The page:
Tax Court Denies Marijuana Dispensary’s Deductions and Rules that Section 280E is Not a Penalty Provision; Dissenting Opinion Finds that Section 280E is a Penalty

On October 23, 2019, the United States Tax Court issued its latest opinion regarding the federal taxation of state sanctioned marijuana dispensaries. Northern California Small Business Assistants Inc. v. Commissioner, 153 T.C. No. 4.

Northern California Small Business Assistants (NCSBA) is a California medical marijuana dispensary. Following an audit, the IRS determined a deficiency in NCSBA’s income tax of $1.26 million. The deficiency was the result of IRS disallowing all business deductions under section 280E.

NCSBA argued that it wasn’t in the business of “trafficking” marijuana and that it was entitled to its business deductions regardless of section 280E. Based on its section 280E line of cases, the Tax Court gave short shrift to this argument and found that NCSBA trafficked in a controlled substance by selling marijuana.

Gavel And Bills

NCSBA also argued that section 280E is unconstitutional under the Eighth Amendment’s Excessive Fines Clause because section 280E operates as a penalty. Judge Goeke’s majority opinion states that deductions from gross income are pure acts of legislative grace and do not operate to deter actions, setting them apart from fines or penalties. Further, courts have routinely held that the denial of a deduction does not violate the Eighth Amendment. Finally, there is no way to reconcile the argument that section 280E operates as a penalty when Congress has the authority to tax gross income.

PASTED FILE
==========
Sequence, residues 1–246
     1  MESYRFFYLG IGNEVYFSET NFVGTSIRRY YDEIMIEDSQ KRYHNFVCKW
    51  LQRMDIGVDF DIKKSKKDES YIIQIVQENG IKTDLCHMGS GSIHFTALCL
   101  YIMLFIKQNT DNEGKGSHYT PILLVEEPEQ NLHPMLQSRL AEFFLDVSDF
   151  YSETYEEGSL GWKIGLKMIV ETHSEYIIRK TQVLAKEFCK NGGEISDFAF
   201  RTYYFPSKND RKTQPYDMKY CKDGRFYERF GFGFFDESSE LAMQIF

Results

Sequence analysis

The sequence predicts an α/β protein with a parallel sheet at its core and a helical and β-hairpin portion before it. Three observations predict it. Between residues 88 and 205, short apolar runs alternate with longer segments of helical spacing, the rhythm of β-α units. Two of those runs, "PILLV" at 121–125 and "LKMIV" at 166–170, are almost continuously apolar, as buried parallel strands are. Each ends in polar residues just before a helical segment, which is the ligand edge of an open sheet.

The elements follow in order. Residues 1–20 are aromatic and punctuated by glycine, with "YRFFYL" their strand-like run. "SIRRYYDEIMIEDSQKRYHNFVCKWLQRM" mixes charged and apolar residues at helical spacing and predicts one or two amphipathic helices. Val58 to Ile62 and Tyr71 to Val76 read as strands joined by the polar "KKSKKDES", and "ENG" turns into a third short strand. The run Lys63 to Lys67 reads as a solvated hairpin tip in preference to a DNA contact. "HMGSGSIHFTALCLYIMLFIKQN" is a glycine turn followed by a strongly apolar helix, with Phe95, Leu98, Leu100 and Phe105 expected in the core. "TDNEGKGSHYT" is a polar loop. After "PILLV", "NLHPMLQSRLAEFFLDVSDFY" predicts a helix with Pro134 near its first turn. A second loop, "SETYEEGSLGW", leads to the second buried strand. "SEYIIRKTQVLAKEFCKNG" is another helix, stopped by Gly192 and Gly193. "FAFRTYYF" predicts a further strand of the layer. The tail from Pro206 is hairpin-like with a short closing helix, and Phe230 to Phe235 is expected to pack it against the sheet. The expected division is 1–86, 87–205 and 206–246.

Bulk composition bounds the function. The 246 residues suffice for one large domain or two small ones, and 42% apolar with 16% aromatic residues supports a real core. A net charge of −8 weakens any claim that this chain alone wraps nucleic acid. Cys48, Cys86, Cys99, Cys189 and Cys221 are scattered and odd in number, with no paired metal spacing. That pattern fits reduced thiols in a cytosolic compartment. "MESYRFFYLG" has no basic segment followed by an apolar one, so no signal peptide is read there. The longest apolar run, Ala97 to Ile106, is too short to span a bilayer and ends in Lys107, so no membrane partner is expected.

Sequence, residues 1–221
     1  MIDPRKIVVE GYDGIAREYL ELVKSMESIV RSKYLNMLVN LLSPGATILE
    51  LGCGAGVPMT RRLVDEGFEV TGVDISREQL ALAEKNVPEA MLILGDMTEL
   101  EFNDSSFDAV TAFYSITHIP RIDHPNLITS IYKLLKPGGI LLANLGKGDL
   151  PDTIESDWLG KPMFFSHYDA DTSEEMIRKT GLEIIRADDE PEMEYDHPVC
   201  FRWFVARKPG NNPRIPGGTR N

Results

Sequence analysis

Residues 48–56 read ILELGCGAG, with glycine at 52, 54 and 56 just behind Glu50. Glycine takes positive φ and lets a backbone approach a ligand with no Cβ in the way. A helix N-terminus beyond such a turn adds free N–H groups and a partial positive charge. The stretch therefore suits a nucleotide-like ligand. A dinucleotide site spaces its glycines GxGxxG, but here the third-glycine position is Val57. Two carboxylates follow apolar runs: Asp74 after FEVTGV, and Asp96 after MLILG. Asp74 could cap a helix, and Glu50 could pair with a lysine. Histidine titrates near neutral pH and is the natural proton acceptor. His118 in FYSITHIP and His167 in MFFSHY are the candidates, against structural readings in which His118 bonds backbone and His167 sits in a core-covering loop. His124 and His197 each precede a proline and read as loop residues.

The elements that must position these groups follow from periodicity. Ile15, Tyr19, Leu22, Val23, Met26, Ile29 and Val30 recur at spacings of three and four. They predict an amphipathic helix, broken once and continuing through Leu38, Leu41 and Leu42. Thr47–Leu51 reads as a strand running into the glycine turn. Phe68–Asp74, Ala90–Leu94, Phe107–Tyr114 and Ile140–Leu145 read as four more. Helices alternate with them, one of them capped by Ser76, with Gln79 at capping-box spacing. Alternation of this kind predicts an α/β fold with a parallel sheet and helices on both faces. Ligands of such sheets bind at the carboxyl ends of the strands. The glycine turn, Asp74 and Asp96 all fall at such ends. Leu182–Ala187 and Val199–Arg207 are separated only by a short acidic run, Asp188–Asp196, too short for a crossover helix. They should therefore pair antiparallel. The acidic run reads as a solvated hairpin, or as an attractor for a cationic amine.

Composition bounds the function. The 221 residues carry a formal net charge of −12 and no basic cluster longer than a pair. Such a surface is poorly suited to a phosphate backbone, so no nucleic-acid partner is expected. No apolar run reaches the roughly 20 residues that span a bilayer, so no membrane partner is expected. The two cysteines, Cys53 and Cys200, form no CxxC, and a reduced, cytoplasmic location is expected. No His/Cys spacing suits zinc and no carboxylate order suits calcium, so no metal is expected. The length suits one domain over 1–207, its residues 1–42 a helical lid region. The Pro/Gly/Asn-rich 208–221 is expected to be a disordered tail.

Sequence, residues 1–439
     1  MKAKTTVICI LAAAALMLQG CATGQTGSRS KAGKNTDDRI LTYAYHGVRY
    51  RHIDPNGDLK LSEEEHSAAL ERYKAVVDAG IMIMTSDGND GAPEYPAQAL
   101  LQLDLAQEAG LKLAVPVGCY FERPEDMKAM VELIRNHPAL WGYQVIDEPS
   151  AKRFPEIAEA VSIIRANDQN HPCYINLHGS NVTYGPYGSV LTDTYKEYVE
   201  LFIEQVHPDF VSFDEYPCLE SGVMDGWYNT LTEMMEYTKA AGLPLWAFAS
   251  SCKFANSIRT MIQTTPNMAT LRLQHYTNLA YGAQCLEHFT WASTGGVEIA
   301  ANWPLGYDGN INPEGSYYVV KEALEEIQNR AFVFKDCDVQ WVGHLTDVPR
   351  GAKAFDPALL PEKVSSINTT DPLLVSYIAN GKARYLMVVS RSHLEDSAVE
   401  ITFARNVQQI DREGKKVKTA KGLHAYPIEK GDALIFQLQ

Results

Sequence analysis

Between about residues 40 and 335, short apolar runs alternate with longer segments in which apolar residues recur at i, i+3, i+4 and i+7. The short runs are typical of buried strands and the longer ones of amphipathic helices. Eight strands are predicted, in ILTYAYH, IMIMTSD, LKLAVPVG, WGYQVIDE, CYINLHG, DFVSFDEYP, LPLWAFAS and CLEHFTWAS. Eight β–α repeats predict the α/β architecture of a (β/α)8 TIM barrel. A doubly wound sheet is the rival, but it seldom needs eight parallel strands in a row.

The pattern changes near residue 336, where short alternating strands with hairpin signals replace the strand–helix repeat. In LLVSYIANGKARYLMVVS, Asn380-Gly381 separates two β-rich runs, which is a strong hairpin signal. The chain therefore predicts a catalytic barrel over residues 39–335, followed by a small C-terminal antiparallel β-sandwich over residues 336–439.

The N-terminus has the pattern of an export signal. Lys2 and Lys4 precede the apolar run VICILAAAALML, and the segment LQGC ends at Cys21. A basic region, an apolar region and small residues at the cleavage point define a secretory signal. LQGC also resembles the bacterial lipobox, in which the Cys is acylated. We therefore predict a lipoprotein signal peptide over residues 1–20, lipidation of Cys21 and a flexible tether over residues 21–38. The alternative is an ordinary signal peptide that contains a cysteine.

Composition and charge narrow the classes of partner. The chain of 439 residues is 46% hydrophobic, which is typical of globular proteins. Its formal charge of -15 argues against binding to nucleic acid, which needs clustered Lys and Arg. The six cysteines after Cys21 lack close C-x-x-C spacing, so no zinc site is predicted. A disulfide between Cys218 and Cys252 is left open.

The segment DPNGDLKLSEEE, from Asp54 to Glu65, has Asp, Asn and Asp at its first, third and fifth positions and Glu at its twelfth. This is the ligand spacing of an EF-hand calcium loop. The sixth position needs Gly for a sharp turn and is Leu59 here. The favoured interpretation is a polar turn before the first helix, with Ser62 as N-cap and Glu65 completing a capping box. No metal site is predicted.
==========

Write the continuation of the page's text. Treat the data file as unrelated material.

Judge Gustafson dissented from the majority and decided that Section 280E does indeed impose a penalty for purposes of the Eighth Amendment. Overly summarized, his reasoning goes like this. The Sixteenth Amendment gives Congress the power to tax “income.” When a business is taxed on its gross receipts without accounting for its ordinary and necessary expenses, the business is not being taxed on income. In essence, section 280E results in a tax on something other than “income.” Furthermore, section 280E imposes a “fine” because it is plainly directed toward the unlawful act of trafficking in controlled substances and creates an increased income tax liability for state sanctioned marijuana businesses.

Agreeing with Judge Gustafson, Judge Copeland states in his separate opinion that even if section 280E was not written as a penalty provision, it operates as such by attacking an entire industry and it sweeps so broadly as to deny every deduction the Code would otherwise allow.

In sum, for the first time, the Tax Court – albeit through a lengthy dissenting opinion – has offered some hope for marijuana businesses hoping to attack section 280E as unconstitutional. It is possible that this dissent may spark a future taxpayer to further tee up this issue.

Going forward, in order to avoid income tax deficiencies and penalties, it is necessary for marijuana businesses to pay close attention to the case law and any potentially forthcoming IRS regulations.

If you own a business selling, growing, or producing marijuana, you need to work with an experienced tax lawyer in Nevada to understand your tax rights and responsibilities. The landscape is changing so quickly that you need a legal advocate on your side to help you navigate it all. If your business is audited and you don’t have detailed information about every single transaction, you risk forfeiting your COGS claim and you could be subject to penalties for filing an inaccurate tax return.

Silver Law PLC operates in Nevada and Arizona and all of its lawyers are former trial attorneys for the IRS. A tax lawyer from our team can help you understand how the complex Tax Code applies to your marijuana business operations. We’ll help you ensure that you are meeting your obligations. If you have been audited or are facing collections, we are also in a position to help you navigate that process. We can either find ways to bring down your tax debt or can negotiate a settlement for you. Call us today to talk with a Nevada tax lawyer and learn more.

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